The Fed Flinched...and Markets Shuddered
09/23/2011 9:40 am EST
“Never let them see you sweat!” It was a great advertising campaign for a deodorant. And the Fed should have taken that advice, writes MoneyShow.com columnist Terry Savage.
Nothing in the global economy changed overnight. But when the Fed announced it was tinkering with the interest-rate structure because it saw “significant downside risks to the economic outlook, including strains in global financial markets,” the stage was set for mass fear.
The Fed rarely, if ever, comments on global financial markets. And if the Federal Reserve Bank of the United States admits it is worried, then every other banker, lender, and investor on the planet should be worried. The results showed up in all global markets.
Had the Fed merely restated its previous economic concerns, but left policy alone, the markets would have yawned. But the Fed flinched.
This time the Fed was specific about its worries. For the first time in recent years, the Fed’s statement referred to its dual mandates of low inflation and maintaining full employment. In other words, the Fed was acting because it was worried about jobs.
And the Fed specifically said it would take action to try to depress long-term interest rates to help the mortgage market—a recognition that housing continues to be in a depressed state. While it is doubtful that a slightly lower mortgage rate will have much impact, the very fact that the Fed is making this move indicates their increasing concern.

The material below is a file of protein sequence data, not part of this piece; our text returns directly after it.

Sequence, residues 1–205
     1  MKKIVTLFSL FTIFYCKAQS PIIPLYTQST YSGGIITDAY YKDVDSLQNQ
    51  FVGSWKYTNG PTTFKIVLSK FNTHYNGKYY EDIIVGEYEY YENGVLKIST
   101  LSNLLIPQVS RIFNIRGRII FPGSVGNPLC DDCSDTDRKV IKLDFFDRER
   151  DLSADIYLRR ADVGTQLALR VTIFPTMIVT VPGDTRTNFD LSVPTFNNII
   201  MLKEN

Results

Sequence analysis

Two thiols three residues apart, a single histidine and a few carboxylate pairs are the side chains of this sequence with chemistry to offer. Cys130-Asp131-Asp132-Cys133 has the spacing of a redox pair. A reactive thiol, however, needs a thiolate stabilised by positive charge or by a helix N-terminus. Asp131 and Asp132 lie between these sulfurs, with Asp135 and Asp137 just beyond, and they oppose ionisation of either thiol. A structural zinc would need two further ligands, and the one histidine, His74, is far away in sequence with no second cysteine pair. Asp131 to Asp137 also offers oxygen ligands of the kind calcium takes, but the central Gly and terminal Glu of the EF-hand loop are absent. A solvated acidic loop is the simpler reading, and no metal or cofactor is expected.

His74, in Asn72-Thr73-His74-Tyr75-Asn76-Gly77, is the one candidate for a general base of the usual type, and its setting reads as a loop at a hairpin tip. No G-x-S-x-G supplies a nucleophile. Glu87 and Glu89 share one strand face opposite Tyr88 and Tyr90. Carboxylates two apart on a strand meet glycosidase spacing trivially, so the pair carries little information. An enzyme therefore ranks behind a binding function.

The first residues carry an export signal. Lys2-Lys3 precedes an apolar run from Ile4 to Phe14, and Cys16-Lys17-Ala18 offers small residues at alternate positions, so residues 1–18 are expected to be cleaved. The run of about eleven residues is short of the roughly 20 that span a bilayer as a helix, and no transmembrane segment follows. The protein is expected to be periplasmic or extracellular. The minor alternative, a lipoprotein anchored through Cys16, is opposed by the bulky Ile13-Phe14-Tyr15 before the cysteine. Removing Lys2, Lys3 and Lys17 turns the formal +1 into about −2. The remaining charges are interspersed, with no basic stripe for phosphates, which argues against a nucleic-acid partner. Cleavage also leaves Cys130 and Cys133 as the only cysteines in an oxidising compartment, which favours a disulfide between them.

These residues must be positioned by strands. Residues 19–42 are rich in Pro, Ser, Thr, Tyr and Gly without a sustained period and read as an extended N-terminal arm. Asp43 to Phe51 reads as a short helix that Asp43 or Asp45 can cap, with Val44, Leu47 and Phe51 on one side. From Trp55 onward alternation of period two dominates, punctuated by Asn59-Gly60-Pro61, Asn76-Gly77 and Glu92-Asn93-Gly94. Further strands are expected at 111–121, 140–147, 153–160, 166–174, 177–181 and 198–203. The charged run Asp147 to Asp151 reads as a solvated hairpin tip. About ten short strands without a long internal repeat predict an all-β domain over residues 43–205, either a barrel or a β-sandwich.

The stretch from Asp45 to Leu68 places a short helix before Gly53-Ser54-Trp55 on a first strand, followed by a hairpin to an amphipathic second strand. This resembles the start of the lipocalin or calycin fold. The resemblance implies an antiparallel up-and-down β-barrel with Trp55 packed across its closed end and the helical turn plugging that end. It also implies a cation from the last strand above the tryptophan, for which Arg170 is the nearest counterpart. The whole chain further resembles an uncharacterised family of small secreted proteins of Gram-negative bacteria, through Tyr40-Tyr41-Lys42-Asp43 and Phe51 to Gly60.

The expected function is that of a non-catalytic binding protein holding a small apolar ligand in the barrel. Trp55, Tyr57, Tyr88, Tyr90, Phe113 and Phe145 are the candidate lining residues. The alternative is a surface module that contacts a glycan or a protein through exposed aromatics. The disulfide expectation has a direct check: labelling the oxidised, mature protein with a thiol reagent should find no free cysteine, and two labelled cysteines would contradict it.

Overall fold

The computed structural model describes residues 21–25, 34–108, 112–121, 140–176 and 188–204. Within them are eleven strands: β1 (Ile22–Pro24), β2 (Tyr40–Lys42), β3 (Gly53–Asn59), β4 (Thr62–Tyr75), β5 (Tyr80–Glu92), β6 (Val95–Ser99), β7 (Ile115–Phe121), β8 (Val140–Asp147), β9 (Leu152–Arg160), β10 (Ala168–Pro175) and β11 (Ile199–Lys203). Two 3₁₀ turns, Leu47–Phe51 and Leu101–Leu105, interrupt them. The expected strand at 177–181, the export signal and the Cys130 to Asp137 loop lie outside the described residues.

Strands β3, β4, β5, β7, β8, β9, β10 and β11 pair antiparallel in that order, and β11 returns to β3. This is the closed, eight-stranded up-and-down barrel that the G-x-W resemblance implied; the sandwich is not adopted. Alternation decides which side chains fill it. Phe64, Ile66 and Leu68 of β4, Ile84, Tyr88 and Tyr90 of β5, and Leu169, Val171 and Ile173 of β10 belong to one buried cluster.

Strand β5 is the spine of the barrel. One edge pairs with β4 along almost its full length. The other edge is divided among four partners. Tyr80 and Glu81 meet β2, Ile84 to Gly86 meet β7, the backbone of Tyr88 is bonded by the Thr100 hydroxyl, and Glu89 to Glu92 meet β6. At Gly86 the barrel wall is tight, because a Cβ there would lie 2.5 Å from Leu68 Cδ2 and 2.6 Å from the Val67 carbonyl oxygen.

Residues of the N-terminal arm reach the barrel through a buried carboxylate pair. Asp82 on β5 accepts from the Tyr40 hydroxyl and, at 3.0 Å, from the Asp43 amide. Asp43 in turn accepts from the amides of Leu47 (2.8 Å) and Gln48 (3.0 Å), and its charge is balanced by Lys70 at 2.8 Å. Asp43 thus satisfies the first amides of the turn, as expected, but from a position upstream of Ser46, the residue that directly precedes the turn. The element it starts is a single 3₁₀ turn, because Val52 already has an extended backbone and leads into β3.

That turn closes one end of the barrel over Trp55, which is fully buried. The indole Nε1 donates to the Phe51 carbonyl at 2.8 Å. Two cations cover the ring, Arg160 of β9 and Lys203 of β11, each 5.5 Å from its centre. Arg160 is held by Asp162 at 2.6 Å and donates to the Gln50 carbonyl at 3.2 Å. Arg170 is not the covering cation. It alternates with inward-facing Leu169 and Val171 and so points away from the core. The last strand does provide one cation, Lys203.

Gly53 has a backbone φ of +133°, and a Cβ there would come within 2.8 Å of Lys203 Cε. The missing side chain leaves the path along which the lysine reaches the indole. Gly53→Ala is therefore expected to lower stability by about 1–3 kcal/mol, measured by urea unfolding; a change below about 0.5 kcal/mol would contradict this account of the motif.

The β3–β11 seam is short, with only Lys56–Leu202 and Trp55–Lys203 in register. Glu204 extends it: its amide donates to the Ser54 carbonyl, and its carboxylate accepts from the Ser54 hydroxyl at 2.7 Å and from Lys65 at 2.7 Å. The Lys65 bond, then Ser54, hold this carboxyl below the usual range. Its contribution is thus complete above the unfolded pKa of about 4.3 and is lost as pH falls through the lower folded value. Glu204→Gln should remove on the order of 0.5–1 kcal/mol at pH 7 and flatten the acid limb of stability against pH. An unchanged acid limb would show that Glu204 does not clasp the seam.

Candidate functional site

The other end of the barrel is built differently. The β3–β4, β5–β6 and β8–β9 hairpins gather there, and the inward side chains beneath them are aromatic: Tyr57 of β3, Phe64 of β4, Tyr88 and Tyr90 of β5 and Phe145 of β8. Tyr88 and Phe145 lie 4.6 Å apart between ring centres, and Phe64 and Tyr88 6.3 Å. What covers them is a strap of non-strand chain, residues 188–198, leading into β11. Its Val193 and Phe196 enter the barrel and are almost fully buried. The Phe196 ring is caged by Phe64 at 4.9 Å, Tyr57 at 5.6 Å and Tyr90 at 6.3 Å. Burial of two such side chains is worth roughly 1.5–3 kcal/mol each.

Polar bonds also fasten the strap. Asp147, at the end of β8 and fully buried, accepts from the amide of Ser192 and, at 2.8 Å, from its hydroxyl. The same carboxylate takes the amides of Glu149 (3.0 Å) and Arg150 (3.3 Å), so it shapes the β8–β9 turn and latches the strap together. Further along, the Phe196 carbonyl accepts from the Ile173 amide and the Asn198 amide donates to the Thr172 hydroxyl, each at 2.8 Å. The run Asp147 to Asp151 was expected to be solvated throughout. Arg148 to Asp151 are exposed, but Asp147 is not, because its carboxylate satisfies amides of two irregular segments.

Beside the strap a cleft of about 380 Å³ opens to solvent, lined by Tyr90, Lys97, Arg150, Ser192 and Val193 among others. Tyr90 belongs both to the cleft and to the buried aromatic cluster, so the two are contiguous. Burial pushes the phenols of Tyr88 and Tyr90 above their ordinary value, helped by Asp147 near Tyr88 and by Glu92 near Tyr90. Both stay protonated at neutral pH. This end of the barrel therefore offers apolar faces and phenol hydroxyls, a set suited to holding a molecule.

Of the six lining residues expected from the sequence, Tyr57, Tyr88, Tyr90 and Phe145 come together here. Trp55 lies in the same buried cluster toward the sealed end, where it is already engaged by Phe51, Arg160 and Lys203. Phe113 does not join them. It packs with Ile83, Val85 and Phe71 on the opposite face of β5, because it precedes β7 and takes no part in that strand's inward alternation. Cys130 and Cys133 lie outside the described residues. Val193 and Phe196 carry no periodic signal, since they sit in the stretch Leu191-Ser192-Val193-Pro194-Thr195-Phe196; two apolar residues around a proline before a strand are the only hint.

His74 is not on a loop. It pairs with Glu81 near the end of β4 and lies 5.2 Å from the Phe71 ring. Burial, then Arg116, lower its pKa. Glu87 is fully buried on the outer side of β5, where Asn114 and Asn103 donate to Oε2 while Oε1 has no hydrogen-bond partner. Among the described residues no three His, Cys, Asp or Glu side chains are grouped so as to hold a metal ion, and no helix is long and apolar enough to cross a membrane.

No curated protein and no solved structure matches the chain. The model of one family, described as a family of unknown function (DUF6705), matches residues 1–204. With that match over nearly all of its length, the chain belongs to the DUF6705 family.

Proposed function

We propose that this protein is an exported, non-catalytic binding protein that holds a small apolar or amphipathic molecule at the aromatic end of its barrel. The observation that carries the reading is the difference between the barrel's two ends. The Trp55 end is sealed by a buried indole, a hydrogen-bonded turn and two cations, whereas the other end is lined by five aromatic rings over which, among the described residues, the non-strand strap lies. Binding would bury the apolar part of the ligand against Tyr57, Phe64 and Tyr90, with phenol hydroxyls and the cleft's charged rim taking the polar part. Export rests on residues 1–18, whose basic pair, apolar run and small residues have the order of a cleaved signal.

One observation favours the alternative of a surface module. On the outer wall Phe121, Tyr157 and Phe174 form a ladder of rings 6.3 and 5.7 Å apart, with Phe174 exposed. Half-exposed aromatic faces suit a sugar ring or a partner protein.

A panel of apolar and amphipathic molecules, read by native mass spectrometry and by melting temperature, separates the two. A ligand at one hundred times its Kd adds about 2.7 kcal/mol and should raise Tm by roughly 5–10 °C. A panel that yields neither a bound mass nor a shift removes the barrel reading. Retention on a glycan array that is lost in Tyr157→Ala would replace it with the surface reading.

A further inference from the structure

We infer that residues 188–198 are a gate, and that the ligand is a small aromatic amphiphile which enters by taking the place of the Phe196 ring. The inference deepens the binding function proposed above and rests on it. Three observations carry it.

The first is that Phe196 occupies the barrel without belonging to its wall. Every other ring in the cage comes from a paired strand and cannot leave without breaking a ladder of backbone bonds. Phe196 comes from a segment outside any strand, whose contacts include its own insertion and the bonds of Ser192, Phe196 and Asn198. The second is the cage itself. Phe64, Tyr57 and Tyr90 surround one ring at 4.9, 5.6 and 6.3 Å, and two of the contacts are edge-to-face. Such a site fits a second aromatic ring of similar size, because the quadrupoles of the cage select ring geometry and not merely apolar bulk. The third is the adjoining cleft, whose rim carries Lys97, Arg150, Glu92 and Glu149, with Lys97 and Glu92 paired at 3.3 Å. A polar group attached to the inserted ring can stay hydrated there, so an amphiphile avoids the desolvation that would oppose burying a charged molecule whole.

The markets reflect one great fear—a global recession, which would impact the entire financial system.
Everyone rushes for safety. And these days “safety” is defined as “cash”—and specifically US dollars, in very-short-term government Treasury bills. No one wants to own anything “risky.”
If a global recession is imminent, no one needs to use more oil. No one expects better corporate earnings, so no reason to buy stocks. No one wants to lend. And no one wants to own risky debt.
Selling begets more selling—at much lower prices. And lower prices beget margin calls. And that means even the “good” investments have to be sold to raise cash to meet the calls. Thus, the sell-off in dividend-paying blue chips—and even in gold.
This is the same “madness” that causes people to buy irrationally at the top of markets. Now we are seeing the opposite side of that coin.
Fear and greed can move markets to extremes that have never been anticipated. And volatility—the speed that reflects these swings of emotion—is enhanced by our ability to transmit our emotions into action almost instantaneously.
Step Back, Gain Perspective
Ten years from now, when you start withdrawing your retirement assets, you won’t be remembering today’s headlines.
America will have moved on, in new directions, to a new definition of prosperity. You can only be part of that if you have at least a portion of your funds invested for that future.Can you take that risk? “Risk is the price you never thought you’d have to pay.” And that’s The Savage Truth.